Sgt. 1st Class Crystal Parker awoke from a nap with her 2-year-old daughter the afternoon of Jan. 31 to the smell of smoke and the sound of a neighbor banging on the door.
Parker and her daughter got out, and the neighbor managed to get back in and rescue the dog. No one was hurt, but Parker and her family lost everything in the fire.
A career soldier, Parker was more accustomed to offering help than asking for it.
So she was surprised when, a few days after the fire that destroyed her Roanoke Rapids home, she received a check for $750 to buy enough clothes, shoes and groceries to hold the family over until their insurance policy would start paying out.
The money came from the Soldiers and Airmen Assistance Fund-NC, a tiny nonprofit that provides one-time emergency financial help to members of the N.C. National Guard. Most of the fund comes from donations, but the group also gets some money from the sale of speciality license plates.
In the hope of raising more money through the license plate program, the Soldiers and Airmen fund introduced a new plate Friday. The new design, featuring a sharp-eyed eagle on a vivid American-flag background, should appeal to anyone who wants to show their patriotism on their back bumper, said Dennis Roach, the fund’s part-time director and its only employee. Across the top, it reads, “In God We Trust.”
The tag costs an extra $30 over the regular price of a North Carolina license plate. Twenty dollars from the sale of each plate goes to the fund.
Roach said the organization helped about 140 families last year with a budget of about $150,000. This year, he said, he expects to see a similar level of need.
Some of North Carolina’s 12,000 Guard soldiers, like Parker, have suffered unexpected crises. Others find themselves unable to work because of injuries or psychological trauma from deployments, or because their deployments have ended and they can’t find civilian jobs.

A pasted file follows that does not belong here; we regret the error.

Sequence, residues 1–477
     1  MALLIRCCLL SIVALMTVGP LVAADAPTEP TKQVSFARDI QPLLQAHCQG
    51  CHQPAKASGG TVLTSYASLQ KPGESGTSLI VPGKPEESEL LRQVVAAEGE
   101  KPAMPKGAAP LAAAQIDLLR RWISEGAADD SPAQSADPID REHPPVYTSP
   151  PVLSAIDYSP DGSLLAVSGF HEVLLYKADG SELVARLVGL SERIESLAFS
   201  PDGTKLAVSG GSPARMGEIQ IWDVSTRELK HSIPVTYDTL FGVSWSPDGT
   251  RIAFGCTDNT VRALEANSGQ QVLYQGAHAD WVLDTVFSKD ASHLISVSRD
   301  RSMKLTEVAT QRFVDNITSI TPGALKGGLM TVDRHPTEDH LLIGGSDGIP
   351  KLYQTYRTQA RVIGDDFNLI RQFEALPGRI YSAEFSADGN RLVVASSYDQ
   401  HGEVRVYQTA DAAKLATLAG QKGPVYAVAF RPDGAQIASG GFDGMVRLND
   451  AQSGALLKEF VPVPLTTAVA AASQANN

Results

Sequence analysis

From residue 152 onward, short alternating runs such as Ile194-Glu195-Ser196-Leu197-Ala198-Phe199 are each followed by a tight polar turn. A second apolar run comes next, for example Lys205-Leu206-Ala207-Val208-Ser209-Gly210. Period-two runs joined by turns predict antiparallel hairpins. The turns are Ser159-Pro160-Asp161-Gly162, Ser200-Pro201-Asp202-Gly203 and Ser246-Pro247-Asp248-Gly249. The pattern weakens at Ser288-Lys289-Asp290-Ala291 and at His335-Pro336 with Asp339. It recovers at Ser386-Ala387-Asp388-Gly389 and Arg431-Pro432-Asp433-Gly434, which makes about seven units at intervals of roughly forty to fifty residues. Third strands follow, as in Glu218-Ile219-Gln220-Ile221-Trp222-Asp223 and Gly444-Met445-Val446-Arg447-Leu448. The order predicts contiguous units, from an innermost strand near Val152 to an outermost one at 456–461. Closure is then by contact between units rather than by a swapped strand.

Active-duty service members and their families have access to interest-free loans and grants to help with financial emergencies. But those programs are not available to Guard and Reserve members who are not on active duty.
Those soldiers may qualify for unemployment, but it takes time to get enrolled and begin receiving help. In the meantime, they may have medical appointments to get to, and no way to pay for gas.
“I have paid electric bills,” Roach said. “I’ve called mortgage companies and helped pay the mortgage or the rent on an apartment. I’ve bought gift cards for food at the grocery store if they need it.”
Applicants are screened for financial need by their Guard units.
Since 9/11, the military has relied increasingly on Guard and Reserve units to provide troops in Afghanistan and Iraq. Guard soldiers from North Carolina have accounted for nearly 21,000 soldier deployments. Some units have deployed three times, according to Capt. Rick Scoggins, spokesman for the N.C. National Guard.
When some of those soldiers need a little help, Scoggins said, it’s good to know they can find it.
“They are our last resort,” Scoggins said of the Solders and Airmen fund. “For a lot of people, it’s truly a blessing.”